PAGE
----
So the next 7 miles were spent alternating between running and walking… I had ran the first half in 2:20 and at that point had still felt okay and felt confident I could definitely run Day 2 under 5 hours. Now I wasn’t so sure. No matter what my time though, I knew I just needed to keep going. One foot in front of the other. Relentless forward progress…. My focus became to just get to the next aid station. Meanwhile, several people had caught up and passed me. Around Mile 18 a couple of people passed me, but then they were also doing a run/walk routine as well, so I made it a personal goal to try and stay somewhat near them (leapfrogging a bit). This worked out well for a while and kept me motivated to run more.

At Mile 20 we got off of Big Dry Creek Trail and made our way through some neighborhoods for what felt like forever. I didn’t love this section either, but I did my best to just keep running until FINALLY we made it to Broomfield Commons just before Mile 23 – a park that I know well and thus knew I was getting close. Something about getting here motivated me, so from here on out I actually ran the entire remaining miles. We ran through a couple more neighborhoods where my Garmin decided to die at Mile 25 (seriously??). I told myself at least I only had a mile to go and picked up my pace as best as I could, passing two people before finishing in 4 hours and 55 minutes. Definitely not my fastest marathon (by an hour and a half), but hey I got it done and can now check “back-to-back marathons” off the bucket list!


The finish line was pretty anticlimactic as it was still seriously cold out (it was apparently 50 by now, but it was windy and cloudy and did not feel anywhere near that warm - I actually didn't even take my longsleeve off until Mile 23!) and there was hardly anyone around. They handed me a water bottle and my medal and I met up with my parents who had finished hours before (and gone home and come back). I got a couple pictures with my two medals and then we went to Panera for lunch before calling it a day!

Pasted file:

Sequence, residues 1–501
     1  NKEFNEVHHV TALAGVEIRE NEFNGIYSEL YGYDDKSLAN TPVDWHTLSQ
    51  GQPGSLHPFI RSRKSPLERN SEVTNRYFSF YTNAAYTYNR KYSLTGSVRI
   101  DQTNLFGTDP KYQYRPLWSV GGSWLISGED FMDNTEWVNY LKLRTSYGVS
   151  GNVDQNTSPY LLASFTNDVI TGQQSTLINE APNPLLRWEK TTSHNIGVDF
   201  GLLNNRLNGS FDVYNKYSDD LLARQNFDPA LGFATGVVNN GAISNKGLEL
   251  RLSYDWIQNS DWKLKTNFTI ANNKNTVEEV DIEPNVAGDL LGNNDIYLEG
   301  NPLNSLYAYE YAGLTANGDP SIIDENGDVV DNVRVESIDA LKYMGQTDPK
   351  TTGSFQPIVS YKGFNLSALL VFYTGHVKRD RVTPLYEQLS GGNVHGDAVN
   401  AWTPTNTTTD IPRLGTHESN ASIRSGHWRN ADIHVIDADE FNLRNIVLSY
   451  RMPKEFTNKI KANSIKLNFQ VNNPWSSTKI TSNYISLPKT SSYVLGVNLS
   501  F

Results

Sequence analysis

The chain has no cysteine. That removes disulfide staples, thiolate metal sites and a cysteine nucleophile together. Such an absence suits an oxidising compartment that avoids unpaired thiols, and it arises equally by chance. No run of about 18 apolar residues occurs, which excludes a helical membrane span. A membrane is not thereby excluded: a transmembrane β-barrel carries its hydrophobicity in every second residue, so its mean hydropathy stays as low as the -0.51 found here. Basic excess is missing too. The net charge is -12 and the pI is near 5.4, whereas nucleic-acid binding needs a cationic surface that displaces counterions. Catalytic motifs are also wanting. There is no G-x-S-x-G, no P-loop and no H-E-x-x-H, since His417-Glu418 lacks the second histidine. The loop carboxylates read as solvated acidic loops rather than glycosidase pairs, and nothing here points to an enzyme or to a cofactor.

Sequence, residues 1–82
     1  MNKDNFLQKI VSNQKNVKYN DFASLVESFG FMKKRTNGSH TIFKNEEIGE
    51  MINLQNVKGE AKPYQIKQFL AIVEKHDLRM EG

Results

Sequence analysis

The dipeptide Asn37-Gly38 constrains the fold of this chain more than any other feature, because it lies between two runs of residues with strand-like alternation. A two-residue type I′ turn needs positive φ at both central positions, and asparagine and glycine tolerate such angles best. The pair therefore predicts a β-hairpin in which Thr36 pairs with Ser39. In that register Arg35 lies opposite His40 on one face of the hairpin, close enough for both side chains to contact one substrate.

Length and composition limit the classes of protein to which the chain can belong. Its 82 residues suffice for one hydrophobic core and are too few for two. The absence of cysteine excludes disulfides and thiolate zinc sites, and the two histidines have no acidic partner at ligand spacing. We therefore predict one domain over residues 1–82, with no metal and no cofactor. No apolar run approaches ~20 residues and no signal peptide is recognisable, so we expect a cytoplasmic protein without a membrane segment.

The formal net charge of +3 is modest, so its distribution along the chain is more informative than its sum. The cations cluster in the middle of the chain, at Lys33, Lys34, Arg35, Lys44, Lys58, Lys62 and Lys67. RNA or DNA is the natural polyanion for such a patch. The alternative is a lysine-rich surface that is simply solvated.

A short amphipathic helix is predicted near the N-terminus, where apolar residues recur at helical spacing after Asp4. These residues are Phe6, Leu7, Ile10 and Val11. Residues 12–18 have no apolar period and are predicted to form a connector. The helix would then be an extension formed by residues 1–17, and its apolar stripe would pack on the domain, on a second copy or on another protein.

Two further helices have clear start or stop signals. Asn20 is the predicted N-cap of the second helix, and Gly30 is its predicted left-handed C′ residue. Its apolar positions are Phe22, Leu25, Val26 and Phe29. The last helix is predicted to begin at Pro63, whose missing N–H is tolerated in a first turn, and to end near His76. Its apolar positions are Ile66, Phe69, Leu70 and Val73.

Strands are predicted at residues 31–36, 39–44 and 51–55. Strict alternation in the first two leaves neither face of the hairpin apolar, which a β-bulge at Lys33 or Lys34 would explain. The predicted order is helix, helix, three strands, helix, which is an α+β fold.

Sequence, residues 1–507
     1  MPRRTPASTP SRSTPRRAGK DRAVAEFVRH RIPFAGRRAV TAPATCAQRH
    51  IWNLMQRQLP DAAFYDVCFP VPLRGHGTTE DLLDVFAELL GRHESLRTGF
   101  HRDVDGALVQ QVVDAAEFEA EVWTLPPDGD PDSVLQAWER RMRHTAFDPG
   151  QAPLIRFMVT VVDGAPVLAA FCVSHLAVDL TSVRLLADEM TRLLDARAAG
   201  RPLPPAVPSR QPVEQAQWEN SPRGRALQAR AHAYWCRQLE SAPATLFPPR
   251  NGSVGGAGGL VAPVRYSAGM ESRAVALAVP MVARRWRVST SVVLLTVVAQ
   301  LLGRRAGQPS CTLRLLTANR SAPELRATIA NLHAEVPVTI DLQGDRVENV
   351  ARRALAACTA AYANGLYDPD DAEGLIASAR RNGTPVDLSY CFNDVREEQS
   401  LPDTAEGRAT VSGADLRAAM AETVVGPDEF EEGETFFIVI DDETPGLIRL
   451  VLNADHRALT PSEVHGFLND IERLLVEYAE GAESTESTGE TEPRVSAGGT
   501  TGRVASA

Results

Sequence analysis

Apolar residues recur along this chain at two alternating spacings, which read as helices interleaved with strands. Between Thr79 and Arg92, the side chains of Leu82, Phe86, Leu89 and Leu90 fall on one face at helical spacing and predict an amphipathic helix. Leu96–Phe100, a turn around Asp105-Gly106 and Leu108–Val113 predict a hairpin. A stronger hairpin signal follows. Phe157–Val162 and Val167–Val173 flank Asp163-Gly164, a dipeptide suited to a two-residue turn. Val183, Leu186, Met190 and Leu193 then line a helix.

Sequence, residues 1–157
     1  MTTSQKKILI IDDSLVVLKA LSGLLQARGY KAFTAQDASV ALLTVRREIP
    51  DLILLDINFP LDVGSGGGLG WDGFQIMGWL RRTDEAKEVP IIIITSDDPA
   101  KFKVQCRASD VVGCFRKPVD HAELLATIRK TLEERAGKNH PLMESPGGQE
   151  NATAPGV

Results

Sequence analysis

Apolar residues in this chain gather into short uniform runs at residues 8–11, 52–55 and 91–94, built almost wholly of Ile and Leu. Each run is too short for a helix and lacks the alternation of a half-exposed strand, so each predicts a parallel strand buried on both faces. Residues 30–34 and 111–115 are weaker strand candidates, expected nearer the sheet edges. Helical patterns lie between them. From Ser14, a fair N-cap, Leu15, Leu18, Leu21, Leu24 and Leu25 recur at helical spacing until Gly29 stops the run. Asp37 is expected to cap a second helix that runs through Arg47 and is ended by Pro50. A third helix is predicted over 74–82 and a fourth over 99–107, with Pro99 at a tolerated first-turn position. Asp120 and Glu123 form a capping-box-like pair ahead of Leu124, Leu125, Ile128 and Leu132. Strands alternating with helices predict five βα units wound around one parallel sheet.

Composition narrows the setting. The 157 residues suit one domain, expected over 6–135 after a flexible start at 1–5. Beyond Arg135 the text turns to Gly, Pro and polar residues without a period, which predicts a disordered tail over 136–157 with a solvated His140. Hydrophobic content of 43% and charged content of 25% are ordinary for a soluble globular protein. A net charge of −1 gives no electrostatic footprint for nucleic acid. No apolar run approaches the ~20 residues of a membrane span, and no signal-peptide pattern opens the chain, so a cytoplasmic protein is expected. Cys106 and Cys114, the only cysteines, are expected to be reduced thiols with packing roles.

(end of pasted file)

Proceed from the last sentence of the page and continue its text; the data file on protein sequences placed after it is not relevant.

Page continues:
SO Happy to be done with my Two Marathons!

Post-Race Thoughts on Double Marathons:

Right when I finished I said “never again”, and while I have no desire to ever run two back-to-backs again I’m not going to officially say “never” just because looking at it now, I know I could have a more enjoyable time doing this had I done things differently. For starters, having the two races over four hours apart (which turned into 5 on Saturday, 6 on Sunday given the bad weather) was not ideal, and having the Day 1 Marathon be a seriously hard marathon with 2500’ of elevation gain and loss did not help the situation. So, if for some reason I were to come across the opportunity to do flat races close to each other where I could just take my time, I would probably would enjoy it much more! (That all being said, I have no regrets for doing it the one time - I loved that I got to do these two races!).

Overall Review/Thoughts on Rim Rock Marathon (Day 1):

I’ve said it before and I’ll say it again. I love this race. I think it’s the best race we have in the Grand Junction area. While I’ll still agree that the half is more “fun” because it’s less exhausting and there are more people, I really enjoyed running the full marathon this year. Taking my time and even walking some on the early climb must have made all the difference because my 4:33 time felt comfortable and for the most part, I felt good the entire race.

For a more detailed recap check out some of the other years I’ve ran this, but this was once again well put on. It’s definitely a small town race and if you do the full marathon you will probably be alone for a lot of it (the half is large enough that you are not alone), but the views are seriously phenomenal and make the race.